When my significant other accepted a job here in Farmington, we knew that internet access in rural areas of Maine could be challenging. We’ve lived in rural Wisconsin, rural Georgia, and rural North Carolina over the years. Dealing with lack of infrastructure is not a new obstacle to us. We did a lot of due diligence before he even took the job, since I work from home and absolutely need access. And for the last year, we have had decent if not great internet service in Farmington through Consolidated.
We really like Farmington as a community. We’ve decided to stay and so we purchased a small older house on a small plot of land just outside of town proper. We, again, did our due diligence and even selected our new home over other options because the current owners had a Consolidated modem in their house and so had service. And that was our mistake – thinking that because service existed at a residence, it would be available at that residence in the future.
The day we got the clear-to-close from the mortgage company, we called Consolidated to transfer our service to our new home, knowing it would take 2-3 weeks for a tech to be available to do the installation. The customer service rep seemed a little confused because there was still service at what was becoming our new place, but he placed the order, informing us that the technician would come out on June 30 to set up the modem; it was the first day they could get out there. Over the next 13 days, we packed and hauled and cleaned and dreamed about what we could do with our little piece of land.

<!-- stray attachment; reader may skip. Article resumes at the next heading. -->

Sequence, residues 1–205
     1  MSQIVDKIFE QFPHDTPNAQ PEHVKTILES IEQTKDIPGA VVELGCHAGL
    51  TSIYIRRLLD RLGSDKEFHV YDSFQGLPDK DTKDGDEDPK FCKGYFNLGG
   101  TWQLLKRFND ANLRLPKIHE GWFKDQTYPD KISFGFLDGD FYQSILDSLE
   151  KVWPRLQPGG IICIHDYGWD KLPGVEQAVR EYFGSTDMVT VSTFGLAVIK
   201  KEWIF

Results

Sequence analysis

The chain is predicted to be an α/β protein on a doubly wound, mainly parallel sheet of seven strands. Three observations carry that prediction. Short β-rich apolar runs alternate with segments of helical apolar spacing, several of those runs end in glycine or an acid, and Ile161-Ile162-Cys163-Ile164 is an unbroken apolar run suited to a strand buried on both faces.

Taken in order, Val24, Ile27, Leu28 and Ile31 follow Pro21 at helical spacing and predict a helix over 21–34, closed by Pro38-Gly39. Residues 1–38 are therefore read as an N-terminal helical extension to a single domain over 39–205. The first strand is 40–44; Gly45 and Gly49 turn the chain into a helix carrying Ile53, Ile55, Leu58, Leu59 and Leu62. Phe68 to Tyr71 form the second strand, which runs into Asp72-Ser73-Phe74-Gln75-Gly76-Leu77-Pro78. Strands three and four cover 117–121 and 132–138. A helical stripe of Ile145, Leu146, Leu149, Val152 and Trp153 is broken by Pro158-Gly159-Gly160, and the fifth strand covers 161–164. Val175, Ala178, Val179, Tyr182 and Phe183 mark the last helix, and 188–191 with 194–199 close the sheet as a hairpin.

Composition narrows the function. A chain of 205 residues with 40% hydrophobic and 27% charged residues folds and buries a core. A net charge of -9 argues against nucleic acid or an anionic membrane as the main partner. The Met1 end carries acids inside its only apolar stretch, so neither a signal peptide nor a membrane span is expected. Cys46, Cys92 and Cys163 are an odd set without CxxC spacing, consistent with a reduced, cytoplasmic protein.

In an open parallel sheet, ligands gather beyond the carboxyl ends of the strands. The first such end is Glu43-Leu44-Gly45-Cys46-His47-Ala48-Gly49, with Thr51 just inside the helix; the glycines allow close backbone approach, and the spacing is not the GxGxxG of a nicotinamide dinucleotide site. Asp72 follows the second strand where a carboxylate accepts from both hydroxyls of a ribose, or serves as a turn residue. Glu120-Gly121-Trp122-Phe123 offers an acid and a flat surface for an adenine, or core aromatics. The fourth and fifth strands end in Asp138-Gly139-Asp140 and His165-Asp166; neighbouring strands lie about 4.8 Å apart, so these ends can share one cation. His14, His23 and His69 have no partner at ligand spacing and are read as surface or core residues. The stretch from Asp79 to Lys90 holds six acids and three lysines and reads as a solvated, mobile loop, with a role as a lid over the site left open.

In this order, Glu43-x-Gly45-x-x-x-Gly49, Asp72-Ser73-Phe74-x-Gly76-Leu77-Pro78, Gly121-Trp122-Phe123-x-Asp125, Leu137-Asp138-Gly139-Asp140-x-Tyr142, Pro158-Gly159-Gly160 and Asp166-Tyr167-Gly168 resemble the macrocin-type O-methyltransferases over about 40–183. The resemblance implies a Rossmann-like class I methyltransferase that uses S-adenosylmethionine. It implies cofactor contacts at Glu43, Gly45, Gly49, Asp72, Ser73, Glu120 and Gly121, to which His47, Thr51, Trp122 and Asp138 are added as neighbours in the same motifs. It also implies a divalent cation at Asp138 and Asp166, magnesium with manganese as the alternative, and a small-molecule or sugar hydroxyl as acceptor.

Late afternoon on June 29, we got an automated call, indicating there was some problem with our order but no specifics. We called back immediately, well within the posted customer service center hours, only to discover that they were closed. We called back this morning only to be told that internet service was no longer available for our home.
The customer service representative said that internet service in our area was like a parking lot. A full parking lot with no spaces available. According to the rep, when the previous owner of our new house cancelled service, Consolidated gave that spot to another address, despite there being an order for new service to be turned on at the same address. We were just going to have to wait until someone else cancelled their service or did not pay. When might we get service? Maybe tomorrow. Maybe next week. Maybe next year. We had entered the Great Internet Roulette.
We quickly called the only other provider in our area. They cannot come out until July 12 to set up a connection.
So, now we wait. I can pull basic service via a mobile hotspot on a cell phone, but that does not allow me to use the critical piece of software I must access at my work; that requires decent internet speed to load and function. I cannot use the only coworking space here in the area because I work five days a week and their space and hours are limited. The public library likewise has limited hours.
I hope I will not lose my job because I cannot carry out my basic duties anymore. Maybe Consolidated will call back and fix their inadequacies as a service provider. With any luck, the new provider will be able to come out earlier than expected. Hopefully, they actually will be able to provide service when the installation day finally arrives.
We live in a world that requires advanced telecommunication services. Today, nearly everything is done online. We all shop online. We pay our bills online. We connect with far-flung friends and family online. We work online. Poor broadband access is a critical component of infrastructure that must be addressed if this part of the world is to thrive and flourish. I implore our local leaders of government and business and our national leaders, as well, to make improving infrastructure – especially rural broadband – a priority.
Heather A. Brown